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STEEL unions released their alternative plan for Tata Steel’s Port Talbot plant yesterday, seeking to save thousands of jobs.
The Community and GMB unions claim that their plan for the company’s British arm is designed to secure a just transition for the workforce and to safeguard the future of steel-making at Port Talbot.
The multi-union plan was endorsed by Community, GMB and Unite and presented to Tata Steel on November 17 — but Unite decided to withdraw its support of the plan a day later.
The steel unions condemned the bad deal for steel announced by Tata and the British government on September 15, along with the potential loss of 3,000 jobs.
The unions rejected the company’s proposal to build a single electric arc furnace (EAF), claiming it would threaten jobs and be less green than the strategies adopted by competitors.
The two unions claim its plan would protect more than 2,300 jobs over a decade and would see no compulsory redundancies at Port Talbot.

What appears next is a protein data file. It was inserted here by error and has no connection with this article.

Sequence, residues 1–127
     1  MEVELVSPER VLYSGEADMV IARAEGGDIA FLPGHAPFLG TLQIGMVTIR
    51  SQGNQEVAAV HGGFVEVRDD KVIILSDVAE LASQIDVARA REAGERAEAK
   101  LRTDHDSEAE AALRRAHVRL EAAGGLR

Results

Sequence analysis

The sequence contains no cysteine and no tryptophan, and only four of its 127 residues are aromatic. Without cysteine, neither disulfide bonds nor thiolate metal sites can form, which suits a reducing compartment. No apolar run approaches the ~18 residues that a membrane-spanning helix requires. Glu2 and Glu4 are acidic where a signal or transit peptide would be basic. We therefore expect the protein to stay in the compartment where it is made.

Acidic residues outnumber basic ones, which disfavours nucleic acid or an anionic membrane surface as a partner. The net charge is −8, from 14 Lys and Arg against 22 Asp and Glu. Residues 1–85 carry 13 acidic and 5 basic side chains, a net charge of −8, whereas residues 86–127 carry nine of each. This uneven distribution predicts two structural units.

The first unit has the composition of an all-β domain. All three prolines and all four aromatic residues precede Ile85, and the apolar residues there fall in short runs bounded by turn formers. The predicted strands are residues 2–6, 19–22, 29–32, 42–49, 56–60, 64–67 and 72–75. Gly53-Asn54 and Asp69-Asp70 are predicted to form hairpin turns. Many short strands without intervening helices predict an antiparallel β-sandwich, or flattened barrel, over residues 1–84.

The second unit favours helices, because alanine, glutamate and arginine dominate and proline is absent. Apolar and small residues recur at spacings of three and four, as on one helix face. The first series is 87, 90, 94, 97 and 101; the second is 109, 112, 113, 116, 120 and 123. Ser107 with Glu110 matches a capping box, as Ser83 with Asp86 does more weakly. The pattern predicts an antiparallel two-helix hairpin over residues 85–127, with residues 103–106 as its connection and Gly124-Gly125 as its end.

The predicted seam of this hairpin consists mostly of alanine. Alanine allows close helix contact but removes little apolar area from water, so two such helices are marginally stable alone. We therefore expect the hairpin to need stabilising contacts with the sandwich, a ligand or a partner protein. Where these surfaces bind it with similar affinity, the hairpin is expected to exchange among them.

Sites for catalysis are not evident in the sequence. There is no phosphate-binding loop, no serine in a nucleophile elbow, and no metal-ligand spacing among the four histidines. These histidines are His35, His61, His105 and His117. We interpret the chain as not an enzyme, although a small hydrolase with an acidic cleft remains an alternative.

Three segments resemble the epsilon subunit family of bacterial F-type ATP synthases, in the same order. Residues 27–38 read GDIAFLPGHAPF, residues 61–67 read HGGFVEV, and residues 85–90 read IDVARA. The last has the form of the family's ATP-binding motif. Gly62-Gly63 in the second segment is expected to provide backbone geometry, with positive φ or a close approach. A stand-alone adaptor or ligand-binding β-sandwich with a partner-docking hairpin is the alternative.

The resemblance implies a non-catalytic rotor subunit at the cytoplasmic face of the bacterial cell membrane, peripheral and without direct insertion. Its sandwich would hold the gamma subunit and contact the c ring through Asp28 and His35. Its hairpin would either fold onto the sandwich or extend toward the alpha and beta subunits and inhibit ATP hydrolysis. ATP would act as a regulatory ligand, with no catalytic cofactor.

Community’s general secretary Roy Rickhuss said: “The multi-union plan can safeguard the future of Port Talbot steel-making and be delivered with no compulsory redundancies.
“It is a serious and credible plan developed with the support of the respected industry experts Syndex, who have had access to the company’s confidential information.”
GMB general secretary Gary Smith said: “Port Talbot workers deserve a decarbonisation plan that protects the future of British steel while safeguarding jobs.
“The multi-union plan offers a credible path to this future. It’s feasible, open to proper scrutiny and crucially avoids any non-compulsory redundancies.”
Unite general secretary Sharon Graham said: “Unite does not accept the need for one single job to be lost.
“We will not accept the boss’s plan or any plan that leads to job cuts, like the one from Syndex.”
Welsh economy minister Vaughan Gething said a credible plan for decarbonisation “does not offshore Welsh jobs and emissions that will simply take place in a different part of the world.”
Local Labour MP Stephen Kinnock welcomed the union plan as the “only credible pathway to a strong, competitive and profitable future for steel-making in Port Talbot.”
More than 130 Port Talbot businesses, community groups, sports and social clubs have signed an open letter calling on the British government to save the steel industry.
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